China’s Burgeoning ‘Gray Income’ Economy
[xtypo_dropcap]L[/xtypo_dropcap]eading economists recently reported that China’s so-called gray income economy—or income that is outside of official business practices and obtained from questionable and often illegal sources—could swell to the equivalent of 30 percent of its national GDP.
Early July, Wang Xiaolu, deputy director of the National Economic Research Institute in Beijing, and his team published a research on China’s gray income, showing that gray income from China’s top 20 percent of income earners make up more than 80 percent of China’s total gray income.
The research revealed out that in 2008, gray income from urban residents in China—which is not included in any official statistics—reached 9.26 trillion yuan (US$1.36 trillion), which is equivalent to approximately 30 percent of China’s 2008 GDP.
Wang and his team found that the reported annual salaries of Chinese Communist Party (CCP) officials are not very high, but the sum of their “gray income” could be much more significant. Their gray income is also outside income tax authorities. Such gray income could come from bribes, embezzlements of public funds, or as favors from businesses and industries, etc.
Sore Spot for the Regime
Experts held that the icebreaking research touched upon a sore spot of the CCP.
China's national statistics authorities published three articles last month in a rare stand to refute the gray income data revealed by the economists.
In response to the investigation, China's National Statistics Bureau (NSB) published a series of three articles refuting such data. The articles asserted that Wang’s gray income estimation was problematic as the gray income was actually normal income. The rebuttal also claimed “as the source of gray income is extremely complex and well hidden, no matter who conducts the statistic research, it’s tough to obtain the true information.”
In 2007, Wang's team published its very first report about China's gray income, documenting that the gray income totaled 4.85 trillion yuan (US$0.72 trillion) in 2005. Wang expanded his survey sampling this time and found that in the past three years gray income increased at a more rapid rate than Chinese GDP.
This could be due to a widening income gap among the Chinese—as gray income is only attributable to wealthy individuals and government officials.
In contrast, income earned by the average working class seemed to be dwindling. In March, China's National Federation of Trade Unions published an investigative report revealing that in the past 5 years, over 20 percent of Chinese employees never received a wage rise.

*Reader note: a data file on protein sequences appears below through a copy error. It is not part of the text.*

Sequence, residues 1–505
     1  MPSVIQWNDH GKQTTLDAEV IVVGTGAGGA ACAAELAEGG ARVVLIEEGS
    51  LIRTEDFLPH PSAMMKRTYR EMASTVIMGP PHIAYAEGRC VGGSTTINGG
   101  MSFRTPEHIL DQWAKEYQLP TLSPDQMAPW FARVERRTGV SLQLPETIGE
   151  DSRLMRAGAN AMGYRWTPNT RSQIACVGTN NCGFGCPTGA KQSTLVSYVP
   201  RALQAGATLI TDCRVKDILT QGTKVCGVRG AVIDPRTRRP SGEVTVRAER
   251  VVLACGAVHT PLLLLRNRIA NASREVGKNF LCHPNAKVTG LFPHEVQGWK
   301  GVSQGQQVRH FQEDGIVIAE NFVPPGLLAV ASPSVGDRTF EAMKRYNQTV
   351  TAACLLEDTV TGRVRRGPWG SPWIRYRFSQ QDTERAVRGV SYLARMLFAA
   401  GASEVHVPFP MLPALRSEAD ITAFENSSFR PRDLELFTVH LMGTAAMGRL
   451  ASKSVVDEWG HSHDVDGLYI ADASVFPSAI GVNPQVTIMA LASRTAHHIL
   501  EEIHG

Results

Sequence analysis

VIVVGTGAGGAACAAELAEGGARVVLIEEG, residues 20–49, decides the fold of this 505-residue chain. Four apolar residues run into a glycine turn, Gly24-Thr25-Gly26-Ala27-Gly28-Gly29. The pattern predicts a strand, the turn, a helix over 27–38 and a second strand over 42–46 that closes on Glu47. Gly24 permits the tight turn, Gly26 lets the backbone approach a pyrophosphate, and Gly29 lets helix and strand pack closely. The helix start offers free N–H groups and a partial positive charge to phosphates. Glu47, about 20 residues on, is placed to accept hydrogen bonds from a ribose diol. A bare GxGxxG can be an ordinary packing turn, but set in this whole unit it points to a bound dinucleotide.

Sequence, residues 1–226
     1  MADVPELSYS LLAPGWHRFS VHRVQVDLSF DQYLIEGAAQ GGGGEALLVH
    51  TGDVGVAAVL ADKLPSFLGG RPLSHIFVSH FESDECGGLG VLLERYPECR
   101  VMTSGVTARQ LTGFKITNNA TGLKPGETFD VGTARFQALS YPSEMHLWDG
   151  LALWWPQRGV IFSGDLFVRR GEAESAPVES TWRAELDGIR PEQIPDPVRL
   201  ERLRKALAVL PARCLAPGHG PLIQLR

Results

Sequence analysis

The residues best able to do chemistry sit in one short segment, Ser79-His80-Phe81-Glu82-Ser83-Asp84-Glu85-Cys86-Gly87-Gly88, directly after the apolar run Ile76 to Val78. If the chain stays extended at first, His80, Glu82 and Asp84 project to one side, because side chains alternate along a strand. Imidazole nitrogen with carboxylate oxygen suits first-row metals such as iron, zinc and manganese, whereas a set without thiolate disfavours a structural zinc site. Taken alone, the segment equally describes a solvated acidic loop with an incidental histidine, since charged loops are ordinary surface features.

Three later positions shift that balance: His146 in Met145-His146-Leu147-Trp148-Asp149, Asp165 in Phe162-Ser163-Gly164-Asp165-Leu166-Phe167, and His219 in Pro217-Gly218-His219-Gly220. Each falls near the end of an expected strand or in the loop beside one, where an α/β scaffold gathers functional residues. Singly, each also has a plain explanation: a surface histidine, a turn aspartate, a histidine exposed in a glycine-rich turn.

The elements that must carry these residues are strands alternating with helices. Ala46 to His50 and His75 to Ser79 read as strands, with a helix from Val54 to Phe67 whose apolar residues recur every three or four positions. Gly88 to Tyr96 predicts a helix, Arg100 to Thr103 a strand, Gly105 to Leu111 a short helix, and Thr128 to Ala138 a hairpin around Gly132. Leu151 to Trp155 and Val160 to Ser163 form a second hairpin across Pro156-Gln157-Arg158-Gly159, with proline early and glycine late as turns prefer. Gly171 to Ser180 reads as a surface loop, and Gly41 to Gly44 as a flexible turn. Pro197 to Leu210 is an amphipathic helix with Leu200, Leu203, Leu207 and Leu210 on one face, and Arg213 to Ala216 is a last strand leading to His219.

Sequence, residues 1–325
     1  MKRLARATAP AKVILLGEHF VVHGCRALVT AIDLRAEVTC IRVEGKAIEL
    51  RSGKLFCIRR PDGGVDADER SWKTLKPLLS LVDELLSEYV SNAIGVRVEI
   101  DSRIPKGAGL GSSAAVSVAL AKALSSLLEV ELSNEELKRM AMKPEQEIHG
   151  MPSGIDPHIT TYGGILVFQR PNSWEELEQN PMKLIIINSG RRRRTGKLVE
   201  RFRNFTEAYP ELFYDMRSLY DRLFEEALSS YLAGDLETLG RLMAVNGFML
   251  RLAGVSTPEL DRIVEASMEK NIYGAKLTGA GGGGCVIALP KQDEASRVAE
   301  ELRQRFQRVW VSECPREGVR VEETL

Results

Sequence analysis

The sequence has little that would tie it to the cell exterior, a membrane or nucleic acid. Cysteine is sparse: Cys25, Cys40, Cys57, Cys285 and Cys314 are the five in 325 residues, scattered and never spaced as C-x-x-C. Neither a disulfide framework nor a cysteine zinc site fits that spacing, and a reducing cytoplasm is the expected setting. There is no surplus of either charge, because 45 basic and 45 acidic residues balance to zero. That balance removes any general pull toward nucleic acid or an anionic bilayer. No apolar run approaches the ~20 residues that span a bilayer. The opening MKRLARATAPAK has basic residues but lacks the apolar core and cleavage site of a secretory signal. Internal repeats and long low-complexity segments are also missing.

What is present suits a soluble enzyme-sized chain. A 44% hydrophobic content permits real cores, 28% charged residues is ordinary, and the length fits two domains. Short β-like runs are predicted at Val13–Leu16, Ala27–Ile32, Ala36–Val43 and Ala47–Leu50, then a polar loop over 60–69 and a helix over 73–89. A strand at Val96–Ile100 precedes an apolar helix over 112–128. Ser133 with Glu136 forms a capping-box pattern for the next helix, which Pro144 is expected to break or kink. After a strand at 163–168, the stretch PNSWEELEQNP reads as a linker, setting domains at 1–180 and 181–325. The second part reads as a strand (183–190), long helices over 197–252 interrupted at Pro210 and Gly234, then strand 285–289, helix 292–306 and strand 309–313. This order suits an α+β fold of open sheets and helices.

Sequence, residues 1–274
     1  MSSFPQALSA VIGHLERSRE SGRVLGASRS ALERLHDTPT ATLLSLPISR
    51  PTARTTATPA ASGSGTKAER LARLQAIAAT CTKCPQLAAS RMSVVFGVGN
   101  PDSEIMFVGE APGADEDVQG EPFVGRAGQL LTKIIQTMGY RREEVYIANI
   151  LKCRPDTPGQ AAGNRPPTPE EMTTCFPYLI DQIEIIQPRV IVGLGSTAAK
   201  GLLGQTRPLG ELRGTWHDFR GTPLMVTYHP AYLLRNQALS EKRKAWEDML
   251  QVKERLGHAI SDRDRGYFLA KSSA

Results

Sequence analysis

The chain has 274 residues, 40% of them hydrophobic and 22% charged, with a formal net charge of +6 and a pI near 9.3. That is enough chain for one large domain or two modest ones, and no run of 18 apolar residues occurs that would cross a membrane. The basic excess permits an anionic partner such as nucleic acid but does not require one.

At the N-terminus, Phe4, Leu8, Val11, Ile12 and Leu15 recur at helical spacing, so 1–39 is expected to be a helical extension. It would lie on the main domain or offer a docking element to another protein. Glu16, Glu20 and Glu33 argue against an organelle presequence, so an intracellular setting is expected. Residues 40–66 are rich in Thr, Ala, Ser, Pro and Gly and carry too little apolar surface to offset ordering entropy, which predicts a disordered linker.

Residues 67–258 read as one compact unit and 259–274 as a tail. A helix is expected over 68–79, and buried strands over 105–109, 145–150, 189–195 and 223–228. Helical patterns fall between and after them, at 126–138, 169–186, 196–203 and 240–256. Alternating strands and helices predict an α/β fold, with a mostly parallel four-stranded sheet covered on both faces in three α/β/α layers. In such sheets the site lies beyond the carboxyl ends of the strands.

Gray Income Significance
“China’s wealth gap, trading money for power, inflation, serious mismatch of housing prices and income have been evidenced by most people who live in China and those who have a certain degree of understanding on China,” said Dr. Ding Xueliang, professor at Hong Kong School of Humanities and Social Science who does research in the same academic field, told VOA News.
Ding said that Wang used modern social science to collect survey samples on a large population, which statistically captured the common people’s feelings of unevenly distributed wealth and gray income.
“It is a challenging topic. Many people including myself have tried (to collect gray income data) but cannot continue the research. Wang’s research has icebreaking significance in China.”
Ding held that Wang’s research was independent and did not rely on Chinese authorities’ statistics. The fact that the NSB published a few articles to disprove Wang’s research seems to be an indication that the result may have some significance.
“You have to use a very big and detailed number to support a concept,” Ding said. “Yet this number is so large that scared people, it takes up 30 percent of China’s GDP. The huge, brutal, sensational impact cannot be tolerated by people who currently have power and those interest groups. So they try all they can to ‘disinfect’ it.”
He continued, “Chinese people, scientific research personnel in China, including many government officials who have social status, all know China’s statistic is the one of the most unreliable statistics in the world.”
Chinese Premier Wen Jiabao said in a government work report for the People’s Congress in March, “Strike resolutely and clamp down on illegal income, regulate gray income, gradually form a publicized, transparent, fair and reasonable procedure to distribute income. Reverse the trend of expending income gap.”
This was the first time that gray income was recognized in any government work report.
Some observers said that any measure to reduce the widening gap between the rich and poor in China could trigger harsh resistance from different interest groups.